There are still months to go until Crikey‘s annual Arsehat of the Year awards, but a strong contender has already emerged, in Dick Smith and his tantrum about the ABC.

The entrepreneur and publicity magnet is incredibly upset that the ABC has apparently been ignoring his campaign against population growth. So upset that he’s going to launch an advertising campaign against the national broadcaster. Or so he’s told The Sydney Morning Herald, which has given him most of its second page today. According to the report, which wasn’t in the Herald‘s Melbourne stablemate The Age, but is on its website, Smith reckons politicians on all sides can’t publicly say they support cutting immigration because the ABC would label them racist — something he’s called “treasonous”. So now he’s told the Herald, without apparently actually putting any money on the line yet, that he’ll be running an advertising campaign to “take away the ABC’s credibility” on the issue.

On cue, the story has already been picked up by News Corp’s, Daily Mail Australia and Nine.

But if the ABC has been silencing Smith’s campaign, it’s got a funny way of showing it. The day before he launched the campaign in August, he was featured in a radio story on The World Today, did a wide-ranging interview on Radio National early last year about population, and the ABC screened his full-length documentary Dick Smith’s Population Puzzle in 2010 (which has a section on the ABC website, which is still live).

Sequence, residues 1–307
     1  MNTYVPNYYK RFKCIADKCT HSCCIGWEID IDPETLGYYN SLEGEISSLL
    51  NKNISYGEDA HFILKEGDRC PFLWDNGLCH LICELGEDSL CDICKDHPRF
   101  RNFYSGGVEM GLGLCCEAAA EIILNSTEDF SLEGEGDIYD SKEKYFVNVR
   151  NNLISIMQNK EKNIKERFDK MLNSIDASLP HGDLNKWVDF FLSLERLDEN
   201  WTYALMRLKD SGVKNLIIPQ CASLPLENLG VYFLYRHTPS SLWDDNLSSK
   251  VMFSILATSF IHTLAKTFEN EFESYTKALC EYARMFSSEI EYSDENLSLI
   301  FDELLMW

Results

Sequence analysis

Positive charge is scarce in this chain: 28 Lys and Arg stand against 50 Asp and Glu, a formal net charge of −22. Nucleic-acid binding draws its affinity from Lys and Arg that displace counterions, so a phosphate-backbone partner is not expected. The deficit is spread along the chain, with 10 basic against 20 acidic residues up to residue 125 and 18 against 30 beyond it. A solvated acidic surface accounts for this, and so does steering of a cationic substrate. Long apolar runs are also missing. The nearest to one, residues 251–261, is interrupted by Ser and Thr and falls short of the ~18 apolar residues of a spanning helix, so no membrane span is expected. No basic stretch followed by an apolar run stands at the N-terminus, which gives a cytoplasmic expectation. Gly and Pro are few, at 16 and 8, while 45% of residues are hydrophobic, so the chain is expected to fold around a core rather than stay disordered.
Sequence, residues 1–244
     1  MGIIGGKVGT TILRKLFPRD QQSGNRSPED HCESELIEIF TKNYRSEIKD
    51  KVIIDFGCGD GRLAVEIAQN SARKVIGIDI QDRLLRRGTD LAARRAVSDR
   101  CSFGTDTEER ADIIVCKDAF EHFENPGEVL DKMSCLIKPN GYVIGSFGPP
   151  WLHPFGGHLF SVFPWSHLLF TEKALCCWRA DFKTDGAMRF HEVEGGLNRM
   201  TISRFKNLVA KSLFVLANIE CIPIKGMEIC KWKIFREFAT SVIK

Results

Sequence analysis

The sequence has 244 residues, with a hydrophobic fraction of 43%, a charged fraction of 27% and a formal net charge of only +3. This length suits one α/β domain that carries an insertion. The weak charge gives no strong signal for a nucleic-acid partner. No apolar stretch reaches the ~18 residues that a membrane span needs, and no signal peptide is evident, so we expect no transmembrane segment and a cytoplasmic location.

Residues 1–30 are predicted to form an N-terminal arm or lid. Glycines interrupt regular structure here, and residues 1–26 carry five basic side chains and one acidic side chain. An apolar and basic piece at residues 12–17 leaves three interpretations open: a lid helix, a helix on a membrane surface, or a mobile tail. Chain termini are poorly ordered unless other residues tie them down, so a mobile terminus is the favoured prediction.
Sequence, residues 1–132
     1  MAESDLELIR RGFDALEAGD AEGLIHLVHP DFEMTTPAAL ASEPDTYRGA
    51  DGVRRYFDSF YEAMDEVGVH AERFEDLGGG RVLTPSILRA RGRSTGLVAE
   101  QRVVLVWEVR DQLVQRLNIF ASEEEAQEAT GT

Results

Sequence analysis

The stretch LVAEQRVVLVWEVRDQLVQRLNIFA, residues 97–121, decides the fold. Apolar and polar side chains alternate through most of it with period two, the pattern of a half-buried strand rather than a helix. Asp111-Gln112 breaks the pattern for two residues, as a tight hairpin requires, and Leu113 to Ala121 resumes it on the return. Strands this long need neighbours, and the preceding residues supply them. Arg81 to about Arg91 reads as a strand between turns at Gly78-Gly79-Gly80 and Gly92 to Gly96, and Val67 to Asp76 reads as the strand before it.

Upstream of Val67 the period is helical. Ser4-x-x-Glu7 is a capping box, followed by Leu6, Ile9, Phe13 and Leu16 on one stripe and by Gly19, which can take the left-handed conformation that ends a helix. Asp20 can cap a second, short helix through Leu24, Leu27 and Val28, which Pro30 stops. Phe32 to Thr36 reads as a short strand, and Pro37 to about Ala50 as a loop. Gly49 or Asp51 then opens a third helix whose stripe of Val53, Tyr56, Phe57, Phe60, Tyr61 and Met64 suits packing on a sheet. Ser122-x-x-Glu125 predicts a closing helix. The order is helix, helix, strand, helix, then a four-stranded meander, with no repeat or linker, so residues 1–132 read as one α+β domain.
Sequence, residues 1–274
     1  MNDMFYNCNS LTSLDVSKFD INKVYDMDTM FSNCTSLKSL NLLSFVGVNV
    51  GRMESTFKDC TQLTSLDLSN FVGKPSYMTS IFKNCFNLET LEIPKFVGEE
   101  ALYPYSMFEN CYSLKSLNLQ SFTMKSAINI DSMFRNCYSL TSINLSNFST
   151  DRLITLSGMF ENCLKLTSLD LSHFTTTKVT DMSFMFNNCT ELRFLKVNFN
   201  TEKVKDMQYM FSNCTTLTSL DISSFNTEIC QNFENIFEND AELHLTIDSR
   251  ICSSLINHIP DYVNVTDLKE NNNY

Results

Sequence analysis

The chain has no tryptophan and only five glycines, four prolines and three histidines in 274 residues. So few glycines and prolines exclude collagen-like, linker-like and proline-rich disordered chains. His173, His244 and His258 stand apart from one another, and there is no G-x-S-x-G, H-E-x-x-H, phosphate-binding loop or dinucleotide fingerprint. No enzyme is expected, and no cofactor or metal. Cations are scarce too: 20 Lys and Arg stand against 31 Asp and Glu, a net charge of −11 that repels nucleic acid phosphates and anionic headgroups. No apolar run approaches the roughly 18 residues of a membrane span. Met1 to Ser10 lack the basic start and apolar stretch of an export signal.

In a statement quoted in the news story, the ABC said it hadn’t issued any decrees about reporting the subject.

In a rambling blog post on his website, he said the campaign hadn’t received any attention at all on the ABC.

Smith has a track record of drumming up outrage to get attention. An Australia Day ad he produced proved a source of plenty of media outrage (including from Crikey) when it was “banned” for innuendo around the phrase, “I love Dick”. The news coverage he got would have outweighed by far any advertising he’d apparently booked — and rumours are in media circles he never paid for any advertising at all.

He’s a regular on tabloid and morning TV promoting Australian-made products, despite the fortune he made on his Dick Smith’s Electronics stores — mostly stocked with cheap products made overseas. 

This latest tantrum seems to be down to not getting enough attention from the ABC. As per his account of yet another stunt back in 2010:

“I look back at when I launched the Wilberforce Award, which is $1 million to go to a young person under the age of 30 who can communicate that we can’t have a continuing growth economy. At the launch I had $1 million in cash, a security dog and five beautiful ‘blonde bombshells’. The ABC sent along their news camera team and a reporter who asked me three questions about — wait for it — racism, which the Wilberforce Award is not linked to. When the reporter could not get an answer linking the Wilberforce Award to racism, yes, you guessed it, there was no coverage whatsoever about the Wilberforce Award on ABC TV or current affairs.”

Smith might be upset that the ABC is only giving on-merit coverage to his stunts, but there might be no need for the advertising campaign after all.

Peter Fray

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Peter Fray
Editor-in-chief of Crikey